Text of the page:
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Calcified Tissue International

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The study aims were to develop fracture prediction models by using machine learning approaches and genomic data, as well as to identify the best modeling approach for fracture prediction. The genomic data of Osteoporotic Fractures in Men, cohort Study (n = 5130), were analyzed. After a comprehensive genotype imputation, genetic risk score (GRS) was calculated from 1103 associated Single Nucleotide Polymorphisms for each participant. Data were normalized and split into a training set (80%) and a validation set (20%) for analysis. Random forest, gradient boosting, neural network, and logistic regression were used to develop prediction models for major osteoporotic fractures separately, with GRS, bone density, and other risk factors as predictors. In model training, the synthetic minority oversampling technique was used to account for low fracture rate, and tenfold cross-validation was employed for hyperparameters optimization. In the testing, the area under curve (AUC) and accuracy were used to assess the model performance. The McNemar test was employed to examine the accuracy difference between models. The results showed that the prediction performance of gradient boosting was the best, with AUC of 0.71 and an accuracy of 0.88, and the GRS ranked as the 7th most important variable in the model. The performance of random forest and neural network were also significantly better than that of logistic regression. This study suggested that improving fracture prediction in older men can be achieved by incorporating genetic profiling and by utilizing the gradient boosting approach. This result should not be extrapolated to women or young individuals.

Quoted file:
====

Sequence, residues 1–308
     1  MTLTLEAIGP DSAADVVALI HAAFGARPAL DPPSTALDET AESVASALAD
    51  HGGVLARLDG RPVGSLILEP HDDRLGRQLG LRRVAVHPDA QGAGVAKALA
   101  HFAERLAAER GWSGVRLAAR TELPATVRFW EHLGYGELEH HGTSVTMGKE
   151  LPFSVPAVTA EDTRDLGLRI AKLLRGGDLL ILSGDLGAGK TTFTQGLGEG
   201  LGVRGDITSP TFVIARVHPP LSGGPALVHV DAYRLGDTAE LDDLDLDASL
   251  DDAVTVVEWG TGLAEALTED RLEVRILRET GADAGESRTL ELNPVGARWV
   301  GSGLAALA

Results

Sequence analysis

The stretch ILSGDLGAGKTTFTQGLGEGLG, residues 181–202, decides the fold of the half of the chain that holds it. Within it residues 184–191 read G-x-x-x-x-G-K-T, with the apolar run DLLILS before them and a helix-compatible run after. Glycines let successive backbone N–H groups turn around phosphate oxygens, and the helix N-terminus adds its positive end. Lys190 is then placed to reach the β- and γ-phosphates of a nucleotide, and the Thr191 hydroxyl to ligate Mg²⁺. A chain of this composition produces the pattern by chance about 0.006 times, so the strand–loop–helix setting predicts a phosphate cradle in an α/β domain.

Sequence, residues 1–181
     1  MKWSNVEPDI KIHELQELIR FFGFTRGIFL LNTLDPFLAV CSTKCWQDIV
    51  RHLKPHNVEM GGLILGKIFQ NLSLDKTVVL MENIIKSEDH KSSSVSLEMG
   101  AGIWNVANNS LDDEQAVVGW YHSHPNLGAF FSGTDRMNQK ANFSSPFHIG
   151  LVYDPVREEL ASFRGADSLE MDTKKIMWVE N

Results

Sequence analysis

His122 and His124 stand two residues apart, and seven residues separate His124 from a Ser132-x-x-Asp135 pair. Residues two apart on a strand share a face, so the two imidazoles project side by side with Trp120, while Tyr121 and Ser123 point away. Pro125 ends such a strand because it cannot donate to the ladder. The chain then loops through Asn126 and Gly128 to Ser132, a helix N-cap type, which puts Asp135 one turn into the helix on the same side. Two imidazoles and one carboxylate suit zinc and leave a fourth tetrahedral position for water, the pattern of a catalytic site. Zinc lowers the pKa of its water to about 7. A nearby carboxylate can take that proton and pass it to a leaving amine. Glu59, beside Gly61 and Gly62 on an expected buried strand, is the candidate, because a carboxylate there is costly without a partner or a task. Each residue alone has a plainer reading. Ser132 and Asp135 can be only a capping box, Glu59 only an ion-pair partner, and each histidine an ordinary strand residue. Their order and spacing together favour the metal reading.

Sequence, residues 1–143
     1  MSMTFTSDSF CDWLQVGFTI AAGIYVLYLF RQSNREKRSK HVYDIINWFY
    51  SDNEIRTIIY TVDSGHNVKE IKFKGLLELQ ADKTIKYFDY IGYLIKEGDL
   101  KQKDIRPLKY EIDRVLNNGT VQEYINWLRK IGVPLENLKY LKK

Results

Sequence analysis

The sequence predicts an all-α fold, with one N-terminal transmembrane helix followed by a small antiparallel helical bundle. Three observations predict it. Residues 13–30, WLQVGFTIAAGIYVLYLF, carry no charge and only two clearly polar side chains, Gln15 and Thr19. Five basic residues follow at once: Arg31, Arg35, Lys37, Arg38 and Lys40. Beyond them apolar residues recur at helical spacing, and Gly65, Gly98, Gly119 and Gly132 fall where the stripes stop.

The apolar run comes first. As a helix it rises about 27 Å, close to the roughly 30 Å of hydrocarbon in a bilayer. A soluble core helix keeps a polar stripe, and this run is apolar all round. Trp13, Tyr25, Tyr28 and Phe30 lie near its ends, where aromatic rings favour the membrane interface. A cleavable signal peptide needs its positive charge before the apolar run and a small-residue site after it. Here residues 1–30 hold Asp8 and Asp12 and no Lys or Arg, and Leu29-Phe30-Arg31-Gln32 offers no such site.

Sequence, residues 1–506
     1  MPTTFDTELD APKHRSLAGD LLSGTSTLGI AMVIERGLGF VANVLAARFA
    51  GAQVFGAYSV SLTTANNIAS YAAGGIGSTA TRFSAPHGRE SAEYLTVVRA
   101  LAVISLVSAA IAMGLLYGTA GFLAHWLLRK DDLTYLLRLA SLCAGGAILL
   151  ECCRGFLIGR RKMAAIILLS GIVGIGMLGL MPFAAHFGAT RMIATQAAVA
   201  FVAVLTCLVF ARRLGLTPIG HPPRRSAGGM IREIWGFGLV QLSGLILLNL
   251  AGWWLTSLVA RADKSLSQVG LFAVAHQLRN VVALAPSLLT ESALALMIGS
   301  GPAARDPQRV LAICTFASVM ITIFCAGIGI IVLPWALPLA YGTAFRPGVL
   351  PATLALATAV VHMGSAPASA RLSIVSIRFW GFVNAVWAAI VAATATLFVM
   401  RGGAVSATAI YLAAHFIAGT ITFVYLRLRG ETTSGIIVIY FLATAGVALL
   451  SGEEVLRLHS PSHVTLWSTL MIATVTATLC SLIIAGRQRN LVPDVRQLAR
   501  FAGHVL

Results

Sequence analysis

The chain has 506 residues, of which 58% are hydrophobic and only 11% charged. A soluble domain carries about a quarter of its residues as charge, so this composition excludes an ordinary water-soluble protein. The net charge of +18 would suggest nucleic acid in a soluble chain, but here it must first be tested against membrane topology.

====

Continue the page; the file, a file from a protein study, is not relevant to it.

Machine learning; Fracture; Osteoporosis; Genomics; Comparison


Analytical, Diagnostic and Therapeutic Techniques and Equipment | Biomedical Devices and Instrumentation | Computer Engineering | Genomics | Geriatrics | Musculoskeletal System | Trauma

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